Scientists Probably Look at 250 Million Light Years Further into the Universe Annually
Scientists from University of California – Los Angeles (UCLA) have developed an instrument that is a sort of “Time Machine”. This instrument will help scientists to study back in the time i.e. the earliest galaxies in the history of the universe.
The instrument, which is five tons in weight and considered as the most advanced and sophisticated instrument is referred to as MOSFIRE (Multi-Object Spectrometer for Infra-Red Exploration) and has been installed in the Keck I Telescope at the W.M. Keck Observatory atop Mauna Kea in Hawaii.
MOSFIRE works by gathering infrared light and allow seeing the distant objects whose light has been “redshifted” to the infrared due to the expansion of the universe. It will also help scientists to see the faint and merging galaxies, planets orbiting nearby stars, star formation within our own galaxy, dark matter in the universe and much more.
"The instrument was designed to study the most distant, faintest galaxies," said UCLA physics and astronomy professor Ian S. McLean, project leader on MOSFIRE and director of UCLA's Infrared Laboratory for Astrophysics. "When we look at the most distant galaxies, we see them not as they are now but as they were when the light left them that is just now arriving here. Some of the galaxies that we are studying were formed some 10 billion years ago — only a few billion years after the Big Bang. We are looking back in time to the era of the formation of some of the very first galaxies, which are small and very faint. That is an era that we need to study if we are going to understand the large-scale structure of the universe."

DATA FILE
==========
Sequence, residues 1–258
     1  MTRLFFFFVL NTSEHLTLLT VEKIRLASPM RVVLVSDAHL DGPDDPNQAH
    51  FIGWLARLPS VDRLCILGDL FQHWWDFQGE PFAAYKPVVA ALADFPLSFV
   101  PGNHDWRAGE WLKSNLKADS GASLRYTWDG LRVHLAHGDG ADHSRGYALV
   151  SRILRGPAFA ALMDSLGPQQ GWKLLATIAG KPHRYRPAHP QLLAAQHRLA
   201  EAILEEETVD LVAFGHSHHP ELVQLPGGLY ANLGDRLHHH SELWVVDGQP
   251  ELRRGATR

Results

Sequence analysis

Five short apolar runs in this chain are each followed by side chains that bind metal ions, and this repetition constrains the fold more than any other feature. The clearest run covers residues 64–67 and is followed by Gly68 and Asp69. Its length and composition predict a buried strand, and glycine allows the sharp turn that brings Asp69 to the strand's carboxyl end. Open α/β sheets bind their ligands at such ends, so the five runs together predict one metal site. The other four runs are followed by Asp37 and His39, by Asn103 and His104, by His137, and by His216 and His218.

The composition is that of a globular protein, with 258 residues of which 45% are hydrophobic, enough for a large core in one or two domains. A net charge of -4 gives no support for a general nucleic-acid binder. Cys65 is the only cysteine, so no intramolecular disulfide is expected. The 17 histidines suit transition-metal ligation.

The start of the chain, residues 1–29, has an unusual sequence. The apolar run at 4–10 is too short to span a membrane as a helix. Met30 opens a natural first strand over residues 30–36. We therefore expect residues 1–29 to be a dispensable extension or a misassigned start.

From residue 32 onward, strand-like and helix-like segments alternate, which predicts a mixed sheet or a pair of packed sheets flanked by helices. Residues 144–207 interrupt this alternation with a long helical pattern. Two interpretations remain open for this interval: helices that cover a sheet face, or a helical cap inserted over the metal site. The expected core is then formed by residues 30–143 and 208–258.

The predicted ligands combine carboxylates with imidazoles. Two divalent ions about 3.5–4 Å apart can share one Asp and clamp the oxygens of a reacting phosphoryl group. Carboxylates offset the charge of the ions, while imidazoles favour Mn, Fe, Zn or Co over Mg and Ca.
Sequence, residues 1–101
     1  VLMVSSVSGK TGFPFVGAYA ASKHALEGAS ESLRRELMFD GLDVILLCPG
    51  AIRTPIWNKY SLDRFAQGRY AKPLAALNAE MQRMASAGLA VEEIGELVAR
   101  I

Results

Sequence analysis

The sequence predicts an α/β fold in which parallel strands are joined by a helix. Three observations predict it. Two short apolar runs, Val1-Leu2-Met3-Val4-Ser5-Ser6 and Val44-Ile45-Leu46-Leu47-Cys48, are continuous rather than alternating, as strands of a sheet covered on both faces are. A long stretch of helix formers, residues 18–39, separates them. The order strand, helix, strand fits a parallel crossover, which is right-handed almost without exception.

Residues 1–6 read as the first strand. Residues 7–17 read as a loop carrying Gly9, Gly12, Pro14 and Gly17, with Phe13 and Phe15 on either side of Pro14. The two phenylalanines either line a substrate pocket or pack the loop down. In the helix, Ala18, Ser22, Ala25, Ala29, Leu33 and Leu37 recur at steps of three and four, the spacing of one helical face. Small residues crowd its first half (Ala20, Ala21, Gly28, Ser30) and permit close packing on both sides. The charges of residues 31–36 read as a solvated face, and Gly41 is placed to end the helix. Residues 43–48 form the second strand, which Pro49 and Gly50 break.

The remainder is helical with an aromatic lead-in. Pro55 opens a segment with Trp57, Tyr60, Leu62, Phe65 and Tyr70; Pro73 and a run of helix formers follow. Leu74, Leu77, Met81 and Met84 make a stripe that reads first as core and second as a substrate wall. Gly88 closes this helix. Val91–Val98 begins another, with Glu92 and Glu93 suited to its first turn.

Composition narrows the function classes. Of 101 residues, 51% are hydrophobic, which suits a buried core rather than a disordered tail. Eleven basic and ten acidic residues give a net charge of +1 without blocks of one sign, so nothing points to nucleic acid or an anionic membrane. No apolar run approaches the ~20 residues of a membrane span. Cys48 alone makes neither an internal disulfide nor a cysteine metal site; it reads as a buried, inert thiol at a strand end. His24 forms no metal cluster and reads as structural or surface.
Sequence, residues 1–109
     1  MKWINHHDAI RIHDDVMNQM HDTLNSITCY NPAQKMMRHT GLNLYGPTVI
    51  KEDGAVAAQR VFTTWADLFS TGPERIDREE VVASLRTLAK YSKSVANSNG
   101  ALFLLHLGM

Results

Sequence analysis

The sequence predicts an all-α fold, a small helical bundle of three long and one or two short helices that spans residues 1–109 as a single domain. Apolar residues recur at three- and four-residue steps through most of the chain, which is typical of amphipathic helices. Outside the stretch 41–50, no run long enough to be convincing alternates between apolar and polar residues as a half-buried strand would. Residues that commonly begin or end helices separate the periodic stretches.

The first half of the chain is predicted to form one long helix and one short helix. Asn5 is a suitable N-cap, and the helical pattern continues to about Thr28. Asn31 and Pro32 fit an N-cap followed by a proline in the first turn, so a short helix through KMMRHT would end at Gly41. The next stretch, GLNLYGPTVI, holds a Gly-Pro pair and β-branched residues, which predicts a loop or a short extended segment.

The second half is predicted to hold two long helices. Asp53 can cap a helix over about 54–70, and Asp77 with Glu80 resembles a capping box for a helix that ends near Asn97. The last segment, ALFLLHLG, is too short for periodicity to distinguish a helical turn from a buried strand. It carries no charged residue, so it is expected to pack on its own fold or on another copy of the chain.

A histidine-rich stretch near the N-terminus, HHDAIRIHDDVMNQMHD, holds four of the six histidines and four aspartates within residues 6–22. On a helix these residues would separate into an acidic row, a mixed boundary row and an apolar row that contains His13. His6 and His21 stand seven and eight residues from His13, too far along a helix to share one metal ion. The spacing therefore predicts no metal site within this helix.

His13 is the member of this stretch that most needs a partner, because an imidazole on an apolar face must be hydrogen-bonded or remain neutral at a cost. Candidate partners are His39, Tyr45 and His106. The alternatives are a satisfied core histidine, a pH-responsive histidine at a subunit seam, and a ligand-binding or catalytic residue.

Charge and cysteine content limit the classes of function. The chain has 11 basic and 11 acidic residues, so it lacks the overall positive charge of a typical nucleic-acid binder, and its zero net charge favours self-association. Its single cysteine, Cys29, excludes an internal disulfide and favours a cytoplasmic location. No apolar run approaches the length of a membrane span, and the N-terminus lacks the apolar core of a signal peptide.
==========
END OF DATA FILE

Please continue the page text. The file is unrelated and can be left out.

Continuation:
First experiments on Keck I Telescope have been done on April 4 and after further tests and evaluations on May and June, the telescope will start working by September.
Recently, IBM has also announced to see beyond the edges of the universe in collaboration with ASTRON. Their project is thought to be completed by 2024.
I think IBM’s project is more complicated as the company is going to see behind the time rather than back in the time. However, the efficiency of the scientists of UCLA is to be considered as they will start their project’s work by this year. If we want to see the universe behind 10 billion light years and up to 13 billion light years, we have to wait for another 12 years till the completion of the IBM’s project.
It means we are roughly looking 250 million light years (and more) farther in the universe annually.
(Image credit: NASA)